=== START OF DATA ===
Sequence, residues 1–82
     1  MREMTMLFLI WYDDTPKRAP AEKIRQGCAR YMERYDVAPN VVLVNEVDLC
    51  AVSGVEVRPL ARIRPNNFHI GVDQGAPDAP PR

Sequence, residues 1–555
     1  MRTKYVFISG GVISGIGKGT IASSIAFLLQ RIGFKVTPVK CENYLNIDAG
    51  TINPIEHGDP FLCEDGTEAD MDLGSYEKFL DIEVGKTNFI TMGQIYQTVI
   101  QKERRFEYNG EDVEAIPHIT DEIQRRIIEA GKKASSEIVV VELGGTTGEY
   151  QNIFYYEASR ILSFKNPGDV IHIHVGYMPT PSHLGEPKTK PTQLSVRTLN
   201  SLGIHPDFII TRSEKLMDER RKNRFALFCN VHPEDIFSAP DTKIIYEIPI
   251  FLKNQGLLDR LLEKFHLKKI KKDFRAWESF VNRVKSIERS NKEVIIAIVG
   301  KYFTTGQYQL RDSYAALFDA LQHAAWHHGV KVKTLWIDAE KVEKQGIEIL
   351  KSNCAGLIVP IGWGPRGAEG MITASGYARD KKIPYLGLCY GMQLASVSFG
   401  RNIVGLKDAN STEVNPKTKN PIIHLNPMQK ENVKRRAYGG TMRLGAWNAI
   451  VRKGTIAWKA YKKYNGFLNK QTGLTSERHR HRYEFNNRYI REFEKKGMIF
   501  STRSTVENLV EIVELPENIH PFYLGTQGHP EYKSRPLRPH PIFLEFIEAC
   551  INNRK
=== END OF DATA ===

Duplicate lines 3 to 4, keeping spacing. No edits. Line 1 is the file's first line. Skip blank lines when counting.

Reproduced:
    51  AVSGVEVRPL ARIRPNNFHI GVDQGAPDAP PR

Sequence, residues 1–555